If you want to vote in the US, there are a number of bureaucratic subtleties to consider. It is often criticized that the barriers are higher for some groups than for others. A fact check.
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Go to the polling station with your ID and vote – it’s not that easy in the US. Because there are some hurdles before you vote. Some are difficult for certain groups of voters to overcome. A fact check:
Claim: The electoral law and electoral system discriminate against some constituencies in the United States.
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Review: Studies show this is usually correct.
Facts: The Supreme Court decision was extraordinarily tight: By five to four votes, the US Supreme Court overturned the anti-discrimination clause in the electoral law. This was a legal legacy of the American civil rights movement. Until then, states had to submit any amendment to the electoral law to the Washington Department of Justice.
As soon as the clause was gone, some states responded: For example, the Republican Governor of Texas declared on the day of the verdict that a law requiring voter identification would go into effect immediately. This was previously blocked by a federal court as it unduly disadvantaged black and Spanish voters.
If you want to vote, you must register for it. Most states have been able to do this online for a while. However, there are differences in the requirements: in some places, voters are required to show a photo state certificate.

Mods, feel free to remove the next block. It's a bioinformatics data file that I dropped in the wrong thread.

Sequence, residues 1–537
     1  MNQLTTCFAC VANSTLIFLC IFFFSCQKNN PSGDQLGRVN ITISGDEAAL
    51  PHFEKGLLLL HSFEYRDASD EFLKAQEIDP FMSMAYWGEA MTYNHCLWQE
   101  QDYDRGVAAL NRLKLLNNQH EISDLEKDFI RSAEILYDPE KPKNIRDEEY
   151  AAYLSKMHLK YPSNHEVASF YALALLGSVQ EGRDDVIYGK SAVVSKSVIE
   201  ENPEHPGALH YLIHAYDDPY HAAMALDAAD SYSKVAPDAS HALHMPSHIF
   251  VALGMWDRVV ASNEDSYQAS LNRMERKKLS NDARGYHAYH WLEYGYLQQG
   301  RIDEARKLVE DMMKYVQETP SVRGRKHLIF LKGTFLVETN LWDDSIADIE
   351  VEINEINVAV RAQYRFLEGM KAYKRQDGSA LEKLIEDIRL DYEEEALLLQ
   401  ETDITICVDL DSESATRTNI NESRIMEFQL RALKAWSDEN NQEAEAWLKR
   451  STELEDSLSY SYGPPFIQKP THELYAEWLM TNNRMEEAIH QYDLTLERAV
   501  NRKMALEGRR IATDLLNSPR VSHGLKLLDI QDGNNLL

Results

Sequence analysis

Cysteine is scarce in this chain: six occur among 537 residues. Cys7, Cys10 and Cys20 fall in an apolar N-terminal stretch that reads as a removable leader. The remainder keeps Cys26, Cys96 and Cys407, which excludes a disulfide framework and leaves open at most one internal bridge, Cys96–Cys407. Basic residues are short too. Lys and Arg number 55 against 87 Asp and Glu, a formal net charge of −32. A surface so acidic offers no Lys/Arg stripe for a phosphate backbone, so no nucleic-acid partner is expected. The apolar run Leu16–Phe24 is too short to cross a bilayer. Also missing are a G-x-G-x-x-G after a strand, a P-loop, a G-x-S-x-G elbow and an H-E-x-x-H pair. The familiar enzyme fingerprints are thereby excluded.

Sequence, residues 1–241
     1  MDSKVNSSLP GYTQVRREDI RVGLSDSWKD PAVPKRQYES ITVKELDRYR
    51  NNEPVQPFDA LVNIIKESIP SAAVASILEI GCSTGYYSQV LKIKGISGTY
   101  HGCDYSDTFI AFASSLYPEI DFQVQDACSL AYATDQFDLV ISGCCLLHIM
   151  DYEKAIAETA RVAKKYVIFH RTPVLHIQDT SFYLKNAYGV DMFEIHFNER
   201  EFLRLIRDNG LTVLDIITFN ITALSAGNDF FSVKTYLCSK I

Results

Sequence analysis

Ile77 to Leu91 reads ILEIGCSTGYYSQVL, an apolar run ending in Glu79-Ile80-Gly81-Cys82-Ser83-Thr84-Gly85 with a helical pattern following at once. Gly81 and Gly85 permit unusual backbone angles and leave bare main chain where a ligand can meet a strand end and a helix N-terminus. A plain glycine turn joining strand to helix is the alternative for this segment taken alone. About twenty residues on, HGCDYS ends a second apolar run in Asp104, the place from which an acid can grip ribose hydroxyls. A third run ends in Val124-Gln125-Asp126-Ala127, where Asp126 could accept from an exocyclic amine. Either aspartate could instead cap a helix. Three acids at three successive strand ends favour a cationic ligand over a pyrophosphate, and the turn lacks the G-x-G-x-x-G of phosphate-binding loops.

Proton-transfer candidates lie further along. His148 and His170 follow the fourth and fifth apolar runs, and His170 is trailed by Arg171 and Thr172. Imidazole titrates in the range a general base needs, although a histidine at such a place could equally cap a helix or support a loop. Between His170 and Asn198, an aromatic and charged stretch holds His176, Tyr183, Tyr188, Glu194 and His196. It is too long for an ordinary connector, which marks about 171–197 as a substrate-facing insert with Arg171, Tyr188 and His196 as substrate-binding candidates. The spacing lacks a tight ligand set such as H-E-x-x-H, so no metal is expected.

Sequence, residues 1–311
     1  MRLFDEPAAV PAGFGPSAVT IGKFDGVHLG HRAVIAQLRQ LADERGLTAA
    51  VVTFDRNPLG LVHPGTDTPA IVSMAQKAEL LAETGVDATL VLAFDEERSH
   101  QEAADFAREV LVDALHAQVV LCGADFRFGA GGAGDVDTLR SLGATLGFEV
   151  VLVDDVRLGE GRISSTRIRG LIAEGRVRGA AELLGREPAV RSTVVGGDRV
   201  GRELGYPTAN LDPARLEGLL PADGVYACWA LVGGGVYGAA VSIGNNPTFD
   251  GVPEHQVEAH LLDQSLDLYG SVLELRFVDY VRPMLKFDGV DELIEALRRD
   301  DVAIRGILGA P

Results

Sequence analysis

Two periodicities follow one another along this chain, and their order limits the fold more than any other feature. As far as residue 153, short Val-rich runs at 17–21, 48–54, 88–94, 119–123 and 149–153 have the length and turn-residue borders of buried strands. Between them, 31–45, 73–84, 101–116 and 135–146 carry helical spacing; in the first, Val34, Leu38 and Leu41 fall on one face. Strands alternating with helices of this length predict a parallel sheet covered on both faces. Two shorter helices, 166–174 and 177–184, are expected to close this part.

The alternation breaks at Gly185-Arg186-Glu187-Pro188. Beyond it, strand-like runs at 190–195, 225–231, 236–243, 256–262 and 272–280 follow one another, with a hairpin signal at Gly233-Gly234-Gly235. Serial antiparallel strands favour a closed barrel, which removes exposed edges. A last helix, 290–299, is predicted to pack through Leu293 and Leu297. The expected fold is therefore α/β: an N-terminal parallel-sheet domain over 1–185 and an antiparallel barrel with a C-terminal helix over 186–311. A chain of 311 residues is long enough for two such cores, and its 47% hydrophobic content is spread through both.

In the US, however, not every citizen has one. The ID card system is regulated at the federal level, there is no equivalent to the German ID card.
Studies show that fewer non-white US citizens have the required document than white people – so this requirement is a bigger hurdle for them. In addition, a 2017 US study found that the difference in turnout between white and non-white voters in states with strict laws was significantly greater than in states where it is sufficient to confirm their identity, for example, through an affidavit. In some states, a driver’s license or student card can also serve as proof of identity.
Barriers to Voting
Georgia voted in June. It was hot and humid – and the lines for some polling stations were almost endless. Long waiting times are fundamentally nothing new there; there were already difficulties in the previous elections.
Similar problems are known from other states. But this time it was extreme in places. Some voters and the Democratic Party of Georgia then filed suit against the responsible organizers.
A report by an independent expert on the complaints side provided results in line with previous studies: minorities were more likely to experience long waiting times.
At the same time, they mainly rely on personal voting, as minority voters are less likely to vote by post than whites. There are similar lawsuits in other states.
Possible problems with postal voting
US President Donald Trump repeatedly claims that postal ballots are said to lead to more fraud – which is not based on any statistical basis. The possible problems are different: votes are not counted because they arrive too late or documents are incorrectly completed.
But the percentage of unaccepted absentee votes is relatively low. In the last presidential election it was about 1 percent. Compared to this, the share of invalid votes among the votes cast personally is even lower.
Due to the corona pandemic, more votes than normal are expected to be cast by post – including by citizens unfamiliar with the procedure and more likely to make mistakes. Experts assume that the proportion of unaccepted votes will therefore be higher than normal. Black voters are less likely to vote by mail than white voters, so for some of them, it may be the first vote by mail.